The difficulty of this proposition -- of leaving your home and acclimating to a new environment -- is made abundantly clear in the film's ironic opening sequence. Perfect blond children and their parents cavort happily -- and calmly -- in a sunny park, picnicking, playing ball and generally looking like the grand prize winners in the eugenics lottery.
The entire blissful scenario shatters with Nino's arrival. A good-natured, self-deprecating Italian who nevertheless sticks out like a crow in a sea of corn, Nino is demonstrative, prone to flashy attire and vested with a unique ability to always be in the wrong place at the wrong time. His outsider status is immediately confirmed when he wanders into the woods to retrieve a child's ball and stumbles upon a dead body. Events seem to perpetually conspire against this stranger in a strange land, as the film conveys quite nicely the loneliness and restlessness of the immigrant experience. Manfredi has the deft, lighter-than-air manner of a man just one click ahead of absolute, debilitating chaos, and though his initial snafus are merely bumbling, a definite darkness intrudes as the film progresses.
There are hints throughout Brusati's divine, affecting film that all is not as ideal as it appears in Nino's methodically run, polite, accident-free host country. But the pretense of order reminds Nino and his friends of their differences daily, driving them to either work desperately to fit in or pine for a return to their homeland.
In one of the film's most disturbing moments, Bread and Chocolate manages to evoke Tod Browning's Freaks, Nightmare Alley and any number of scenes from low-budget horror films. Fired from his restaurant job and desperate for work of any kind, Nino takes up temporary employment with the feather-coated Italians doing piecework slaughter at a poultry farm. The workers live in one of the farm's abandoned hutches where they stoop and crawl in order to walk or sleep inside the claustrophobic building. Brusati's point couldn't be clearer, of how these men and women have been reduced to the beasts they slaughter daily.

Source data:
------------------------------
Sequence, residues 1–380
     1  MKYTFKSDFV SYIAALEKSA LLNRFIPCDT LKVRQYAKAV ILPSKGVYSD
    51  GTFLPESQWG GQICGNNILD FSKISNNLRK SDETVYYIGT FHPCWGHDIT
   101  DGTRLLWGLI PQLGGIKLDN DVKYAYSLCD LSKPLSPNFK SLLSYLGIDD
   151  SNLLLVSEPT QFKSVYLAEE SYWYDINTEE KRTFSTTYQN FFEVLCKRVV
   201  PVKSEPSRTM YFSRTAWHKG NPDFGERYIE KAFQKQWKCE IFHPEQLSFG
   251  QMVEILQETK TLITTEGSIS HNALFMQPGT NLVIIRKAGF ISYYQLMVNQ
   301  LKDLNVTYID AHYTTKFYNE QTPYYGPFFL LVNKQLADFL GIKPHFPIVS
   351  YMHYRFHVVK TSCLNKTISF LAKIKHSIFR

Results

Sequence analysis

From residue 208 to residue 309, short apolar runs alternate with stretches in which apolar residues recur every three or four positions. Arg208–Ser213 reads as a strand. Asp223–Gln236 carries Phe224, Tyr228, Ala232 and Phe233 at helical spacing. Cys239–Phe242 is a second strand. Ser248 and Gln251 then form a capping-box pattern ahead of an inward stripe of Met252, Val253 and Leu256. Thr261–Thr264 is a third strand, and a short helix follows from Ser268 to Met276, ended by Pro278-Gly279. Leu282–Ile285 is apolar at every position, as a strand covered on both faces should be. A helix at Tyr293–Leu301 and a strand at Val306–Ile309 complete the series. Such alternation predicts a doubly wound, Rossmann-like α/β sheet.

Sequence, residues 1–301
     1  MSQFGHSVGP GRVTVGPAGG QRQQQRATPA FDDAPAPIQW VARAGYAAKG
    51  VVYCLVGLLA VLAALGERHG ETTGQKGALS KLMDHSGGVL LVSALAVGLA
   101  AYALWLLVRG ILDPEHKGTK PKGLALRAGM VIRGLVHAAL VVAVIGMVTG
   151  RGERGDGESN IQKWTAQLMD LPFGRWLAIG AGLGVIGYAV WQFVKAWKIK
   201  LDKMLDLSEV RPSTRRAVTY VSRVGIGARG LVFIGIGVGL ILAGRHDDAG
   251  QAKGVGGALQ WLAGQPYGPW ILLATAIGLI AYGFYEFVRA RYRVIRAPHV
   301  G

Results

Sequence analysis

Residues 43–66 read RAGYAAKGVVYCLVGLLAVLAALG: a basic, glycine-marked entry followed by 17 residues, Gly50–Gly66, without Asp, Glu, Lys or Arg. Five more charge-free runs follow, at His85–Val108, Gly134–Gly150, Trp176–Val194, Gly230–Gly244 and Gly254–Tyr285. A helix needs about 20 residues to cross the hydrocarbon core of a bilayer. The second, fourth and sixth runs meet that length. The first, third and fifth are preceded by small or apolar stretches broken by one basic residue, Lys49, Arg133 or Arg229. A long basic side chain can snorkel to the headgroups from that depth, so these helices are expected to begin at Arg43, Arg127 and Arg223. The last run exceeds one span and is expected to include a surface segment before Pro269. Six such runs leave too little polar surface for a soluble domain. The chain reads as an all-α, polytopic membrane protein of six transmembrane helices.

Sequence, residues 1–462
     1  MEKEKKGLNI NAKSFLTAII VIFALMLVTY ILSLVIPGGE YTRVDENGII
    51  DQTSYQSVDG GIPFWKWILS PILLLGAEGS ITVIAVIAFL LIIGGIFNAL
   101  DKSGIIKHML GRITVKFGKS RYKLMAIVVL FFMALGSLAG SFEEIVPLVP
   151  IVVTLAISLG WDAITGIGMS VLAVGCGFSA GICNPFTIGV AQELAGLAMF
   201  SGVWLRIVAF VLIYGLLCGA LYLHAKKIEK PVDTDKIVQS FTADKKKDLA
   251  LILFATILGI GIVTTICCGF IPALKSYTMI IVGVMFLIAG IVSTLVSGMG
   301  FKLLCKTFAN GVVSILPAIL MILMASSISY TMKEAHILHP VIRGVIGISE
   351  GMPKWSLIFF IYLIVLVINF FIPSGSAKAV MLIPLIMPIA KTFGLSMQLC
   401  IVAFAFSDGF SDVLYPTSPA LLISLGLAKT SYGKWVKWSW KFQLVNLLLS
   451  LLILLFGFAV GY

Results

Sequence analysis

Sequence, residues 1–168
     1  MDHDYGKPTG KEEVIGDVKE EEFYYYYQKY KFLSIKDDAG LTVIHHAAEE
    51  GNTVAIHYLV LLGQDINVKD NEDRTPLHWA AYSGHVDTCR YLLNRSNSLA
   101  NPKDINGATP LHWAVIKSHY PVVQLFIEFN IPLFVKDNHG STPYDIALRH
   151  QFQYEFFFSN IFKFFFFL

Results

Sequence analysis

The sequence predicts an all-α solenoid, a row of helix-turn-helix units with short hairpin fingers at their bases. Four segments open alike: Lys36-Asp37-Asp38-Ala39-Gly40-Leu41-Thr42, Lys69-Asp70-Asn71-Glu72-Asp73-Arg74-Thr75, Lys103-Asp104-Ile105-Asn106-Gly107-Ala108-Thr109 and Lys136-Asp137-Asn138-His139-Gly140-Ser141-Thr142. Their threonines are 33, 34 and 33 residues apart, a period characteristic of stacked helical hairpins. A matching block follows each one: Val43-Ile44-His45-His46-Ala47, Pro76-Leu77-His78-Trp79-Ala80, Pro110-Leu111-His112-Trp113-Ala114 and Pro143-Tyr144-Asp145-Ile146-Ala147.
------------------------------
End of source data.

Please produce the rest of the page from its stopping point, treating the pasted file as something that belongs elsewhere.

But the film reaches a crescendo of outrage when the workers begin to jokingly imitate chickens for Nino, and the hutch soon resounds with their demonic clucking and grotesque contortions. A young woman breaks away, laughing at their imitation until she spies the farmer's children cavorting in the forest outside. Staring longingly from behind their chicken wire windows at these lithe, healthy, sunbaked nymphs in poses of glorious leisure out of a Manet or Renoir painting, the Italian workers are suddenly conscious of the degradation of their own lives. The contrast would be comical -- with Brusati's soft-focus, golden, light-bathed vision of this earthly Swiss-only paradise -- if it wasn't so sad.
The circumstance of these lusty, optimistic, warm people reduced to a subhuman labor force in Switzerland's shadow world of imported, invisible immigrants eventually drives Nino to a dramatic gesture to fit in.
Moving blithely from comedy to tragedy, Bread and Chocolate, billed upon its release with the tagline "You'll Laugh Till Your Heart Breaks," often has been faulted for its shape-shifting tone. But an element of the absurd remains fairly consistent throughout. And it is that combination of absurdity, desperation, self-pity and righteous anger in its spiritually troubled hero, Nino, that makes Brusati's film so memorable.
Presented as part of The High Museum's Italian Film Festival at 8 p.m. July 20 at Rich Auditorium.